The New Arab Logo

Breaking News
Sisi: Egypt is safe, does not violate human rights Open in fullscreen

The New Arab

Sisi: Egypt is safe, does not violate human rights

Egypt's military strongman visited the United Nations in New York this week [CNN]

Date of publication: 24 September, 2016

Share this page:
  • 0

  • twitter
Egypt's President Abdel Fattah al-Sisi has brushed off criticism that his government has committed human rights violations, calling the accusations "twisting of the truth", during an interview in New York.

Egypt's president has brushed off criticism that his government has committed human rights violations, calling the accusations "twisting of the truth".

Abdel Fattah al-Sisi said during an interview with CNN released on Friday that his country has been misunderstood in the West and that the threat of "terrorism" has prompted strict security measures.

"There must be tough security measures. You guys isolate that and you deal with it from a human rights perspective only," Sisi said, speaking through a translator.

"We are responsible for the Egyptian people, whom I consider my own family. How could I be comfortable knowing that there could be a human rights violation against these people."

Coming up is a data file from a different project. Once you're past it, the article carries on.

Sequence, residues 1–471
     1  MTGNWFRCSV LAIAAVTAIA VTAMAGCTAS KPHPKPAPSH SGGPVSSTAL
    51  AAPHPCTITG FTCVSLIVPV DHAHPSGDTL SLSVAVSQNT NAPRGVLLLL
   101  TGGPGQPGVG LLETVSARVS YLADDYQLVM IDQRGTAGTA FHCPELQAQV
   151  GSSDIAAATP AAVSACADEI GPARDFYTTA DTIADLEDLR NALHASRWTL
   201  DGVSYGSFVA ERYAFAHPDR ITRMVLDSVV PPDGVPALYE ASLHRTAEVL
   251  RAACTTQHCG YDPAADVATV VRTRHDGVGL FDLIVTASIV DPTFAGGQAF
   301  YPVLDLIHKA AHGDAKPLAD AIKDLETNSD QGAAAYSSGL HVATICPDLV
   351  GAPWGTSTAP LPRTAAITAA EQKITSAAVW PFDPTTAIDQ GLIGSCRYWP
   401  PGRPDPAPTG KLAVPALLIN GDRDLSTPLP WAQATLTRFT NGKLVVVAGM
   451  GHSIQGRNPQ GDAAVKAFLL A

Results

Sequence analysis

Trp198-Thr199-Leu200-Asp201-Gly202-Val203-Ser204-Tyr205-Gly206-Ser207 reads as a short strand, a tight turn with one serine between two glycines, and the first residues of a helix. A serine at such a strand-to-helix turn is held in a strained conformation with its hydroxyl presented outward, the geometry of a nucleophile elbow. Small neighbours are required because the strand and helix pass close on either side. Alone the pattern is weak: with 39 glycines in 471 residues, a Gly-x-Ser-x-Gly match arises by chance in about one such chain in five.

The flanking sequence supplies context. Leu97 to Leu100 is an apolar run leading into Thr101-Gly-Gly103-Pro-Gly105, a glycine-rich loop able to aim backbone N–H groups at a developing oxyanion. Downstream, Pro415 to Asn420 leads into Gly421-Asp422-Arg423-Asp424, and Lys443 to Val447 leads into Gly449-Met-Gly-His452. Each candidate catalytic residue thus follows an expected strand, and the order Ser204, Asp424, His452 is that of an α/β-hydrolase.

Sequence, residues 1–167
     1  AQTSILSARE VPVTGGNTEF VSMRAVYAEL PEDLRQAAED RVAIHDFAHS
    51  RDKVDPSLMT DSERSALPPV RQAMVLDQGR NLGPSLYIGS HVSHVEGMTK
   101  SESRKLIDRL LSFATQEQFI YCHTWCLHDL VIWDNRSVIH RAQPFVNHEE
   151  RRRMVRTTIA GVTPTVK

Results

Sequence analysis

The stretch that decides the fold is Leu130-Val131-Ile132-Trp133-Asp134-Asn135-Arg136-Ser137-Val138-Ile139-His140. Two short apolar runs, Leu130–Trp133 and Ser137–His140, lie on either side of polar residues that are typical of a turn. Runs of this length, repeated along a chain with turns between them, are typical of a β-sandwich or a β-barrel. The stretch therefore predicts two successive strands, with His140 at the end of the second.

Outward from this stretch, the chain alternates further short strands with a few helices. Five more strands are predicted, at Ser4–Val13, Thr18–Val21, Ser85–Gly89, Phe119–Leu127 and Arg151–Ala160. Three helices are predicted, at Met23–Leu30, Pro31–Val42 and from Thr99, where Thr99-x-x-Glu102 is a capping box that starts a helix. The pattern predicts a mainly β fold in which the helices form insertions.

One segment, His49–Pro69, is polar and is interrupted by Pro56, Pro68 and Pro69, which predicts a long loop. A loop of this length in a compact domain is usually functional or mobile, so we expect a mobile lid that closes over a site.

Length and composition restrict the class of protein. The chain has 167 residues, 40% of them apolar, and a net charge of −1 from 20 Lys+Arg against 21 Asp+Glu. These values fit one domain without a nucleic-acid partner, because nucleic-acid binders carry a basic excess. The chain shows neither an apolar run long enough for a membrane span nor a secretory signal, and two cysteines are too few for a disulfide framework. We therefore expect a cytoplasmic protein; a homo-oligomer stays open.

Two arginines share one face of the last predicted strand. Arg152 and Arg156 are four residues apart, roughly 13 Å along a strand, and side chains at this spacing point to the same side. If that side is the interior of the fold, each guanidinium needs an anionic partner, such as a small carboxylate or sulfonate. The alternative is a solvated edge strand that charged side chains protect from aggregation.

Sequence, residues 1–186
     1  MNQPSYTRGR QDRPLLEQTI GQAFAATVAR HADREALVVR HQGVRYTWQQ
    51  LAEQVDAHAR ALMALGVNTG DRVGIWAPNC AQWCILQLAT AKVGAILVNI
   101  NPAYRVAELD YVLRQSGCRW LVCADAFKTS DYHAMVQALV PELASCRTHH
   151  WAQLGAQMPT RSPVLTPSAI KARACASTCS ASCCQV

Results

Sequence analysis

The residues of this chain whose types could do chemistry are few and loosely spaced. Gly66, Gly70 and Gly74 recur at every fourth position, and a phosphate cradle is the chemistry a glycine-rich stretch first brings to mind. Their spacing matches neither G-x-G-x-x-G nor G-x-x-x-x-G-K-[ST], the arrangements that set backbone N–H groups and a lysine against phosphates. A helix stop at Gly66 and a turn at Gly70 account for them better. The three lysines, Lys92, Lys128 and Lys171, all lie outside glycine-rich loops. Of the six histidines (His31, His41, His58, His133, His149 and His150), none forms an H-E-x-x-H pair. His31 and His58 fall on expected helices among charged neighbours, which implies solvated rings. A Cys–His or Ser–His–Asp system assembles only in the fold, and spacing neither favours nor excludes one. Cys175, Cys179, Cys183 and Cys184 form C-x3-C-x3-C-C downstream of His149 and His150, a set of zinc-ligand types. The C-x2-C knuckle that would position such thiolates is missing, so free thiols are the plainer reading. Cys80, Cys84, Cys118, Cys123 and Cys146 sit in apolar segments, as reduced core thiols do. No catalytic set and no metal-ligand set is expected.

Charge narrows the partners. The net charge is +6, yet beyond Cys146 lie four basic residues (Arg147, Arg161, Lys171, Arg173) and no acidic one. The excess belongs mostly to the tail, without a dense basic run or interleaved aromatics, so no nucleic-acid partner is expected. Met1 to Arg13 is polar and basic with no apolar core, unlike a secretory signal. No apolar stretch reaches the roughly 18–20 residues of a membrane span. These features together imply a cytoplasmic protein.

He added that claims that security forces forcibly disappear opponents to quash dissent were "a twisting of reality".

Rights groups accuse Sisi of running an ultra-authoritarian and repressive regime since he deposed his democratically elected Islamist predecessor Mohammad Morsi in 2013.

     
      During the sit down in New York, Sisi touched on "terrorism" [CNN]

During the sit down in New York, Sisi also offered his thoughts on terrorism.

"I have a major reservation to confining the term terrorism to Daesh only. Terrorist and extremists are not only Daesh," he said using an Arabic acronym for the Islamic state group [IS].

He defined "terrorists" as "those who use terrorism, violence, destruction and killing to accomplish their goals."

The former army chief came to power after toppling the Muslim Brotherhood's Morsi, unleashing a harsh crackdown on his supporters that killed hundreds of protesters and imprisoned thousands.

In 2013, a Cairo court declared the Muslim Brotherhood a "terrorist" organisation, banning all its activities and imprisoning many of its leaders.

Sisi also called on tourists to visit the country, saying: "We would never invite tourists or anyone else to visit us in Egypt if there was any danger to their lives whether during the flights to Egypt or during the time they spend in Egypt."

Egypt's tourism industry has been hit hard by years of unrest following the 2011 popular uprising that ousted longtime dictator Hosni Mubarak.

The bombing of a Russian jet flying from Egypt last October and another aviation disaster in May this year, when an Airbus A320 flying from Paris to Cairo went down in the Mediterranean have dealt further crushing blows to dwindling tourism revenue.

The New ArabComments

Most Popular

Most Popular

    Read More